(Mushrooms at at a Shizuoka Supermarket)
I don’t intend to talk about wild mushrooms here as I would need a very thick book to post!
Japan is arguably the country cultivating the greatest number of varieties ( new ones appear and disappear every year!), so I will limit myself to give information on at least four of them and furthermore introduce most varieties I have found in Japanese supermarkets (most of them should be available in many countries.
Shiitake/Lentinula Edodes (Black Forest Mushrooms) are native to China but have been grown in both Japan and China since prehistoric times. They have been cultivated for over 1000 years; the first written record of shiitake cultivation can be traced to Wu Sang Kwuang, born during the Song Dynasty (AD 960–1127). However, some documents record the uncultivated mushroom being eaten as early as AD 199.
Fresh and dried shiitake have many uses in the cuisines of East Asia. In Chinese cuisine, they are often sauteed in vegetarian dishes such as Buddha’s delight. In Japan, they are served in miso soup, used as the basis for a kind of vegetarian dashi, and also as an ingredient in many steamed and simmered dishes. In Korean cuisine, they are commonly used in dishes such as bulgogi (marinated grilled beef), jjigae (stews), and namul (sauteed vegetable dishes). In Thailand, they may be served either fried or steamed.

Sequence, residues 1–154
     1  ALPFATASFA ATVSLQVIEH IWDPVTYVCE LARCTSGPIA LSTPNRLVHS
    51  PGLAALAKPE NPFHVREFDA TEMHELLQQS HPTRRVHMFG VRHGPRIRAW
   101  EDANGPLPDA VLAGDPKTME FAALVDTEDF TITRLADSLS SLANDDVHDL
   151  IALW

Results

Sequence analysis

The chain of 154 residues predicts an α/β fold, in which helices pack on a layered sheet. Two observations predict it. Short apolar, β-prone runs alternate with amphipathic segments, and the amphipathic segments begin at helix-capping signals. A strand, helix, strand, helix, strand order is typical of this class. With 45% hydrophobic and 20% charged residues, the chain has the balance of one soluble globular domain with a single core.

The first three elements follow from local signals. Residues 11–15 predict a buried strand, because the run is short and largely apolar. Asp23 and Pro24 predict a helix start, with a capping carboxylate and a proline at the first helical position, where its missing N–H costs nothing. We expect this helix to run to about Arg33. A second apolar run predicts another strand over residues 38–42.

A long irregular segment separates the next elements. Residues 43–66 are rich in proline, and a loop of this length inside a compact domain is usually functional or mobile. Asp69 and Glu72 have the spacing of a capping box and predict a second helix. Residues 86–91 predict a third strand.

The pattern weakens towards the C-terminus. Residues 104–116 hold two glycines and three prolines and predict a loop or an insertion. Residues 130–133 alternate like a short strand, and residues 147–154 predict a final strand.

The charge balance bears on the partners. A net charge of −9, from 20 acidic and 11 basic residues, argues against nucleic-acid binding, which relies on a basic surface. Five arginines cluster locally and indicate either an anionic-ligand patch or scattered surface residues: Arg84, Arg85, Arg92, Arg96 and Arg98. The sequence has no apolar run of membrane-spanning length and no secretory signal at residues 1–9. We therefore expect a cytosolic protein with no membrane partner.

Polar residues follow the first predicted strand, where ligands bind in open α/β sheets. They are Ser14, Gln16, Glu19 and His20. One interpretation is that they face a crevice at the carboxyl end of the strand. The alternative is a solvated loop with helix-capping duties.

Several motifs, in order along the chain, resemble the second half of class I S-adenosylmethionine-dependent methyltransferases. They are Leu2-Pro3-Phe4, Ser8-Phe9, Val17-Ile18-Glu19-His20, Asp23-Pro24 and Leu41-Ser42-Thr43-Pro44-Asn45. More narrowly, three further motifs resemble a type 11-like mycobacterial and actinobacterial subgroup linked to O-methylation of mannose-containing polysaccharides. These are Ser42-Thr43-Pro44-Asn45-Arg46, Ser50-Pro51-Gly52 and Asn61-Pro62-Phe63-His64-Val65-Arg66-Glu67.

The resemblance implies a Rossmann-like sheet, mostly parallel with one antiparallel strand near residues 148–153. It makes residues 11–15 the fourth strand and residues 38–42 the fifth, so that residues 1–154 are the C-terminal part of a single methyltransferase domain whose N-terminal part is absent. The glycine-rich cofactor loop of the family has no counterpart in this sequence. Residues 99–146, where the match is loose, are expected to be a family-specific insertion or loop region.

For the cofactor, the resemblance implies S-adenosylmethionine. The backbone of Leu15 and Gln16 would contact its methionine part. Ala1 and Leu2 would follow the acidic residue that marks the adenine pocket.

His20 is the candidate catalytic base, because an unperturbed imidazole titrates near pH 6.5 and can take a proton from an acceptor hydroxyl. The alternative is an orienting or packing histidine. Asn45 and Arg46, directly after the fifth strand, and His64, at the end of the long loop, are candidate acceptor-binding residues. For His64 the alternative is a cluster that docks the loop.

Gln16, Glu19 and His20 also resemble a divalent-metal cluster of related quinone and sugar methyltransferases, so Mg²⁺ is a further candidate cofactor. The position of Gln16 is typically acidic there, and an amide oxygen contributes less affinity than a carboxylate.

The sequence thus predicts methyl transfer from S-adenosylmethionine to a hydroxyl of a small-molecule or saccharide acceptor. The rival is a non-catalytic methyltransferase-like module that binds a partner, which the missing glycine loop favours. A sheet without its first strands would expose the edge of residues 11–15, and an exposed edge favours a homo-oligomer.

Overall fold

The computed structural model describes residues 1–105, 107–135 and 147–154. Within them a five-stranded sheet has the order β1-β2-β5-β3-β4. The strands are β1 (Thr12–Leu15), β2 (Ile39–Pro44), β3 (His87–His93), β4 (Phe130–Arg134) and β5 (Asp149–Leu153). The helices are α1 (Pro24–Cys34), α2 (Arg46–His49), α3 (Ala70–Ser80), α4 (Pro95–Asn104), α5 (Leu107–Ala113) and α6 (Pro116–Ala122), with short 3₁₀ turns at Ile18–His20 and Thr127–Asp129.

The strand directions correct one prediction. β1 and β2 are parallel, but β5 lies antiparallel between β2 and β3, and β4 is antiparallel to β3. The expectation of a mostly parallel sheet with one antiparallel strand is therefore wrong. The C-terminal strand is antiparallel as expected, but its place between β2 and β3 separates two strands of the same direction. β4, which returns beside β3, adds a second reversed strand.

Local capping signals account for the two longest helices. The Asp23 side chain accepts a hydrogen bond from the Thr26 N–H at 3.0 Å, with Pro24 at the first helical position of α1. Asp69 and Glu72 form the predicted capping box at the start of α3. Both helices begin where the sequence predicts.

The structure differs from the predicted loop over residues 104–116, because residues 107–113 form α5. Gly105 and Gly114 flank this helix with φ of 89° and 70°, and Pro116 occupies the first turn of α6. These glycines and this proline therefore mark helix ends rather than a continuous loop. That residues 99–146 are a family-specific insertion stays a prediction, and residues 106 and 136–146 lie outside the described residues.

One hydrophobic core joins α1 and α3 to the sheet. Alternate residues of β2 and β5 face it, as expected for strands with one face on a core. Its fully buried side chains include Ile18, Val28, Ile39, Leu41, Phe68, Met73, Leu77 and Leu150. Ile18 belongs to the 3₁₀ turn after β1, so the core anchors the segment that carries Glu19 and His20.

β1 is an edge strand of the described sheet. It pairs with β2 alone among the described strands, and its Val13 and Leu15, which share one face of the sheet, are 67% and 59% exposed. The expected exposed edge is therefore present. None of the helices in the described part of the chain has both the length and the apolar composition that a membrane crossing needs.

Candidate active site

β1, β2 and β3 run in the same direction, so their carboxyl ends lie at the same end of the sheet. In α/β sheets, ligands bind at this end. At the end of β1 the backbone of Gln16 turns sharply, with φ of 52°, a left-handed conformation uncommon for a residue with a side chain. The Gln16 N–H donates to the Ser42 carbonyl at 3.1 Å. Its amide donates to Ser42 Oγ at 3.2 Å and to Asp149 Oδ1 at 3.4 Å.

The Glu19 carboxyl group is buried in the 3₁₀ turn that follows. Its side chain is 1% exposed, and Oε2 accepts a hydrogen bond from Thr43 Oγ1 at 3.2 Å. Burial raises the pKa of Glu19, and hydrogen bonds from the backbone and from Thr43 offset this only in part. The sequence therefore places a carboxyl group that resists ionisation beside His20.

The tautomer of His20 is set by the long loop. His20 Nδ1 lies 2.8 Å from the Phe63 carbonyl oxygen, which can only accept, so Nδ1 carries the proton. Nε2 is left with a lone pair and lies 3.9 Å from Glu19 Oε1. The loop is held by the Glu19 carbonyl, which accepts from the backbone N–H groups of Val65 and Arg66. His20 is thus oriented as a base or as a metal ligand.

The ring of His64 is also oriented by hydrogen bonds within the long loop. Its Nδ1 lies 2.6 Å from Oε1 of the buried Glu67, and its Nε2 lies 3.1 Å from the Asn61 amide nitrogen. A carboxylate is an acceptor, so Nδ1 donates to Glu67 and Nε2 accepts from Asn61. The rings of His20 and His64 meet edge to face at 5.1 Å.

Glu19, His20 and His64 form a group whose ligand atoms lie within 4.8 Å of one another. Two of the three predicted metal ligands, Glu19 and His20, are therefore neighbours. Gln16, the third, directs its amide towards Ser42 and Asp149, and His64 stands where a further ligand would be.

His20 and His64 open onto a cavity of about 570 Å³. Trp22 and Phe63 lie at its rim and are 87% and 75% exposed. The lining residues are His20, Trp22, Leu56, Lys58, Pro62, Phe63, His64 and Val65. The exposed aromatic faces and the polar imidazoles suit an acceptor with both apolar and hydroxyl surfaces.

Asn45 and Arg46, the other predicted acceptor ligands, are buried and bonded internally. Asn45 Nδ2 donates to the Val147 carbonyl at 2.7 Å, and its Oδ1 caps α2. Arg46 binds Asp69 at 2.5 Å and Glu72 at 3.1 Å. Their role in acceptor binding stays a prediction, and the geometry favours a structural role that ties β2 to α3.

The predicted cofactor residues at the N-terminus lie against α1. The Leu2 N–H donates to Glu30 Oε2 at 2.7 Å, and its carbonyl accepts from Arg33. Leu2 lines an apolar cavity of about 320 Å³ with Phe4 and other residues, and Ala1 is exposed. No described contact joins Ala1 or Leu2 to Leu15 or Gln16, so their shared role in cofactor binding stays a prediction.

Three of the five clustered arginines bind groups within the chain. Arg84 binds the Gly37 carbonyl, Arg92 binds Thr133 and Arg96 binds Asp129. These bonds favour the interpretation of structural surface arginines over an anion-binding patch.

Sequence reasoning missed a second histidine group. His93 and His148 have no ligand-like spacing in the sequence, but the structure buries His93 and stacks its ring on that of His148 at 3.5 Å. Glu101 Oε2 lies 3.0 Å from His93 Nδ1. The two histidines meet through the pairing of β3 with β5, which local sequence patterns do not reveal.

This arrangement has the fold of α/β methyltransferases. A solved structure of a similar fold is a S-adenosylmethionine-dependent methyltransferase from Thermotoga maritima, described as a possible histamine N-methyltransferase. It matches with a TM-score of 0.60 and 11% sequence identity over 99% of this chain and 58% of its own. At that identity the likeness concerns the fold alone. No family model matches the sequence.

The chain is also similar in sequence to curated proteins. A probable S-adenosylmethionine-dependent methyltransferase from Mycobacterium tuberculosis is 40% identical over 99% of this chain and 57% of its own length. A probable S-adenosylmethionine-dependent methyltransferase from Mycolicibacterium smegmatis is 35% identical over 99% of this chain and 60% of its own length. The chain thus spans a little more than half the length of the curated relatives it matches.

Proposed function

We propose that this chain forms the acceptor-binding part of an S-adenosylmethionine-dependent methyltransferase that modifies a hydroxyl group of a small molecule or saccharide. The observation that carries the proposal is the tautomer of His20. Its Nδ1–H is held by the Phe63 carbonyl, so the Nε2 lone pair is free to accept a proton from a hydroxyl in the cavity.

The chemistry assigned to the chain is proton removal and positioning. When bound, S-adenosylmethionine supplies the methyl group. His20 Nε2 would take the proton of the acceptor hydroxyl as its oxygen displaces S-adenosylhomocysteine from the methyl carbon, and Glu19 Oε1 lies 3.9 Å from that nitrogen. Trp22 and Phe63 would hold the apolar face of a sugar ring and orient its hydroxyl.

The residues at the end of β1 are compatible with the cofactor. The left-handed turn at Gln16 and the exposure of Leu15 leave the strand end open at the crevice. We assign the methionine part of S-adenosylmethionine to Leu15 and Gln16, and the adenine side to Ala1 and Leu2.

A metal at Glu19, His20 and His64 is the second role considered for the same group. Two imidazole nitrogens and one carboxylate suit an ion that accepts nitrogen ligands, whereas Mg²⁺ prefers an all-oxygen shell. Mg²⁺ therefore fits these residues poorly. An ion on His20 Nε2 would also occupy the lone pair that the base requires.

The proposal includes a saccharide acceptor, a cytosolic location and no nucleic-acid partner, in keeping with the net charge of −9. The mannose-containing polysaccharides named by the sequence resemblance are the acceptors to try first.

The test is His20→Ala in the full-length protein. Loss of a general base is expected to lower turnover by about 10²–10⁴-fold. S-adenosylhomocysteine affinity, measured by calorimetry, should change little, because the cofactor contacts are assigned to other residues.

Shiitake are often dried and sold as preserved food in packages. These must be rehydrated by soaking in water before using. Many people prefer dried shiitake to fresh, considering that the sun-drying process draws out the umami flavour from the dried mushrooms by breaking down proteins into amino acids and transforms ergosterol to vitamin D. The stems of shiitake are rarely used in Japanese and other cuisines, primarily because the stems are harder and take longer to cook than the soft fleshy caps. The highest grade of shiitake are called donko in Japanese.
Extracts from shiitake mushrooms (such as ichtyol) have also been researched for many other immunological benefits, ranging from anti-viral properties to possible treatments for severe allergies, as well as arthritis.
The Japanese actually consume them from their raw form more than in any other country.
-Season: best in October~March for outdoors cultivation
-Main beneficial ingredients: Vitamin B1, B2, N6, Ergosterol, Lentinan, Fibers.
-Loosely wrap them in clean Newspaper or Kitchen Paper and store them in fridge away from the light.
-Choose specimens with unbroken “umbrella” and no black marks under.
-Fresh Shiitake are best enjoyed for their taste by keeping their cooking simple such as frying them over a grill with a dash of soy sauce and sake!
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sake, shochu and sushi
2 thoughts on “Vegetables Facts and Tips (9/1): Mushrooms/Shitake”
Nice post, really interesting! I really love shiitake mushrooms, I especially like the colour of them when you cut them in half as they are white, yellow and brown on the outside. It’s a good looking mushroom!
And thanks for checking out Pencil & Spoon!
Did you know that the Japanse make shochu out ofit?